The Oh-My-God particle was an ultra-high-energy cosmic ray (most likely a proton) detected on the evening of 15 October 1991 over Dugway Proving Ground, in Utah. The particle was 20 million times more energetic than the highest energy measured in radiation emitted by an extragalactic object – in other words, this subatomic particle had the energy of a baseball traveling at 100 km/h (60 mph). The energy was measured at 51 joules—enough to light a 40 watt light bulb for more than a second. Utah physicist Pierre Sokolsky likened it to “a brick falling on your toe.”
Just imagine, even if it were a billion times larger, you couldn’t see it – and it has the same energy as a baseball at high speed! At first, researchers thought there might be some sort of measuring error, but similar observations were reported at least fifteen times, confirming this extremely rare phenomenon.
The particle (accurate name indeed) travels very close to the speed of light. How close? At 0.999 999 999 999 999 999 999 995 percent of the speed of light – if a photon and the Oh-My-God-Particle would race for 200.000 years, the photon would be ahead only by 1 centimeter.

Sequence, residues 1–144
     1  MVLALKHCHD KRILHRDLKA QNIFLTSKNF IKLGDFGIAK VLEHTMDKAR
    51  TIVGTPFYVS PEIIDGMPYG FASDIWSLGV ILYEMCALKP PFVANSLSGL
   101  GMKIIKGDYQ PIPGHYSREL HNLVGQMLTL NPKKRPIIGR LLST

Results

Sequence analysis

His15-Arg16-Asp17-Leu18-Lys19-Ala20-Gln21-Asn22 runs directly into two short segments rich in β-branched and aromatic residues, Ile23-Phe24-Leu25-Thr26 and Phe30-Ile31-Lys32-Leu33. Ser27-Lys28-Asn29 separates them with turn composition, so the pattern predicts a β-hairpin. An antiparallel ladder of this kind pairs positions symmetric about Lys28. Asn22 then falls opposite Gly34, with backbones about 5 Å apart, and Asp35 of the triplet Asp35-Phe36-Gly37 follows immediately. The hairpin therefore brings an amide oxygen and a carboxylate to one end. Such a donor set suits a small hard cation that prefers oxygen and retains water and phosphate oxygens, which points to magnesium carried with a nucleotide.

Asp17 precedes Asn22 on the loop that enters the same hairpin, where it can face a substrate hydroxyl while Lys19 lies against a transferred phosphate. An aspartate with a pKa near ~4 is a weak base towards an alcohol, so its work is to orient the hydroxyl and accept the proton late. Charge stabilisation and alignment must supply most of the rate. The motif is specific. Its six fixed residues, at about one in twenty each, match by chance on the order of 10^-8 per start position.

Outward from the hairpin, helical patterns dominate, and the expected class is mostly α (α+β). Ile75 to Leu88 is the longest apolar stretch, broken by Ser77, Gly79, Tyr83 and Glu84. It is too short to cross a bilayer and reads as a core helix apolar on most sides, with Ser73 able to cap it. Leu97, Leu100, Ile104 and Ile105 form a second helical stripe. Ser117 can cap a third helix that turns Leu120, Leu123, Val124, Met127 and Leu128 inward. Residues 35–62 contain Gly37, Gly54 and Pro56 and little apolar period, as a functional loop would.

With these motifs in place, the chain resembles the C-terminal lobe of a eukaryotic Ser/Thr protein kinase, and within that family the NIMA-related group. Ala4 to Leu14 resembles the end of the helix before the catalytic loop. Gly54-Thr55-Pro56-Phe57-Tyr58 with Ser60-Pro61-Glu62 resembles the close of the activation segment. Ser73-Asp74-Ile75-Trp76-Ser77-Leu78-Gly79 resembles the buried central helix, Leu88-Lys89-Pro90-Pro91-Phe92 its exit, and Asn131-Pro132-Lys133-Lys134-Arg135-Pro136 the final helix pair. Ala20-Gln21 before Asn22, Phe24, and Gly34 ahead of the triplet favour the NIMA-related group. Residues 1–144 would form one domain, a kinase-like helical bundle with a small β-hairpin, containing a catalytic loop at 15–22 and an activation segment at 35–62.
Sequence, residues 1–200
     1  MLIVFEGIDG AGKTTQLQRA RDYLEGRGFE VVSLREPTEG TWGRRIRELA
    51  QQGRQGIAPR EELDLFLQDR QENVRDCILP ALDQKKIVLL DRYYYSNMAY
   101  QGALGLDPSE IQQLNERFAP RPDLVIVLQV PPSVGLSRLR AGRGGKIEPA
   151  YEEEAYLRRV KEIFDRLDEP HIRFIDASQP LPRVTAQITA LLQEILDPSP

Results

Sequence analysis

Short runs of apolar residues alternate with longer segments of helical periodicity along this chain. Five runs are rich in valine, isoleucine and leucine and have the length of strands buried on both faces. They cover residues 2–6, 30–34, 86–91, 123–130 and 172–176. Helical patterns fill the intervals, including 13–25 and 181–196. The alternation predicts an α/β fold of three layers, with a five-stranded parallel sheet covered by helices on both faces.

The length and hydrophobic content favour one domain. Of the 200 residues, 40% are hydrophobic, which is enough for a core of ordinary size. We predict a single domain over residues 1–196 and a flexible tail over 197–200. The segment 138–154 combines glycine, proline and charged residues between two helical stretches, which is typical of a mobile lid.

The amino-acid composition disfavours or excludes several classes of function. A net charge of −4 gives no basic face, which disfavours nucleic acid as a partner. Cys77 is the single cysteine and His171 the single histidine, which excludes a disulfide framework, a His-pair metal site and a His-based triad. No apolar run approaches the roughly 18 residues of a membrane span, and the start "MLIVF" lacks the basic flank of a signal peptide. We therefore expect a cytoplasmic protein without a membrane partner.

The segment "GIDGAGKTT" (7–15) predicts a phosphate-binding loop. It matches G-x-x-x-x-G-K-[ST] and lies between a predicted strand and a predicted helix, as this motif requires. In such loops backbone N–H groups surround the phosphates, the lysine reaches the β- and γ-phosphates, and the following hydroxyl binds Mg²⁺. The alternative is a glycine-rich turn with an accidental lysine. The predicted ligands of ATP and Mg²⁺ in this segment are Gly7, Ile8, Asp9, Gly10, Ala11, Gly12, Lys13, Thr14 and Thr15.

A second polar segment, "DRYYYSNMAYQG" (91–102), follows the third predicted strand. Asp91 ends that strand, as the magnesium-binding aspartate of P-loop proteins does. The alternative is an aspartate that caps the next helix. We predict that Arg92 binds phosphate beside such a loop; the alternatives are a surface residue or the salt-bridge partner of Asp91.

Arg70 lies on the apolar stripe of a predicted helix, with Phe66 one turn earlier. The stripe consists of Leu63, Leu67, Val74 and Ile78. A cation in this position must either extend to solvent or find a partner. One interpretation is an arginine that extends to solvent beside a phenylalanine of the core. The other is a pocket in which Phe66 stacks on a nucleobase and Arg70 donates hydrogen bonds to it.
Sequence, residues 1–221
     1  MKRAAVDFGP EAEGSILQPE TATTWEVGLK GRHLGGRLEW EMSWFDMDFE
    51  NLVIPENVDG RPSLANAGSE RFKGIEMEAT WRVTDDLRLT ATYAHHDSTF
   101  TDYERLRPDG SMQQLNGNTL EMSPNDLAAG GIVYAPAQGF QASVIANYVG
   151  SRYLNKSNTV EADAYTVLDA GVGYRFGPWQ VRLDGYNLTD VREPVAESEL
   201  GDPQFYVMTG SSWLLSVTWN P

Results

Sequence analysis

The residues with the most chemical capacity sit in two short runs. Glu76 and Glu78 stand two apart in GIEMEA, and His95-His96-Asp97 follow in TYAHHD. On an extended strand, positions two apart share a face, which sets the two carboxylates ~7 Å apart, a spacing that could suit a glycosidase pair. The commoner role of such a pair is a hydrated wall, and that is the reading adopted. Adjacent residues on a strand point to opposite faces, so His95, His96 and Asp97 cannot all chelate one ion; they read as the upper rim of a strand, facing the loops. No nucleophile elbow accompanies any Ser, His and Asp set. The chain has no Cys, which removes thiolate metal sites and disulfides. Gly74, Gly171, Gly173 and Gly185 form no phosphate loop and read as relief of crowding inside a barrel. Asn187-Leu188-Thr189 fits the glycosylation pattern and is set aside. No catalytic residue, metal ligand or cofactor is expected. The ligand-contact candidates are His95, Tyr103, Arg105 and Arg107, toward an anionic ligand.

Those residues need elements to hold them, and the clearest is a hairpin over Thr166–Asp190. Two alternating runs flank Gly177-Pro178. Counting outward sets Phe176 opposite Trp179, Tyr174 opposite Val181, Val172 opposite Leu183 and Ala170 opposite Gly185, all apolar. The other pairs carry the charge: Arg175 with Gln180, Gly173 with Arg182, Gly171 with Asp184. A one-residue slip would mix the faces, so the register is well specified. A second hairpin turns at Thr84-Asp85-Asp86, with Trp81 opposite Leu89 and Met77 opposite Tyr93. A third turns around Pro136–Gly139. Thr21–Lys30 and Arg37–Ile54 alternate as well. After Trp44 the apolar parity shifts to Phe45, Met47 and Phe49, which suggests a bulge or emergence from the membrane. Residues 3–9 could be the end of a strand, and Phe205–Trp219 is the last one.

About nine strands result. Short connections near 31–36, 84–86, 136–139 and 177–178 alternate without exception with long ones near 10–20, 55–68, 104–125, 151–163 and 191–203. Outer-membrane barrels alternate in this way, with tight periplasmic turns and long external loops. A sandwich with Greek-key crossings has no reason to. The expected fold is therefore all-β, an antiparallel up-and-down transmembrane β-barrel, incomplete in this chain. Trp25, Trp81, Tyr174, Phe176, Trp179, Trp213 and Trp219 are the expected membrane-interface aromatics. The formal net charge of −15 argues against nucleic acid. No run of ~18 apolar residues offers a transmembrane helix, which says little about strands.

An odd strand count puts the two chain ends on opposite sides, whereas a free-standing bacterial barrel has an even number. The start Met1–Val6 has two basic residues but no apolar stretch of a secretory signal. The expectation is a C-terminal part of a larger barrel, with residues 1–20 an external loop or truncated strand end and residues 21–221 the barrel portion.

So what is emitting this kind of particles? The short answer is “we don’t know”. The longer answer would be – probably the nucleus of an active galaxy, jets emitted by nucleus, or exotic decay processes. Basically, this particle is an ultra-high-energy cosmic ray (UHECR), or to be more precise, an extreme-energy cosmic ray (EECR) – that’s how astrophysicists call them, don’t blame me. But it gets even better – whatever the source of these particles is, it’s called a Zevatron. As I said, we don’t really know what zevatrons are, but the most likely candidate seems to be galactic jets – or at least so a study claimed in 2004.
It is hypothesized that active galactic nuclei are capable of converting dark matter into high energy protons, but this theory is more speculative and exotic – still, it may very well be true.
So, the bad news is we’re still guessing in the dark when it comes to these strange particles; the good news however, is that physics still has a lot of interesting things to figure out.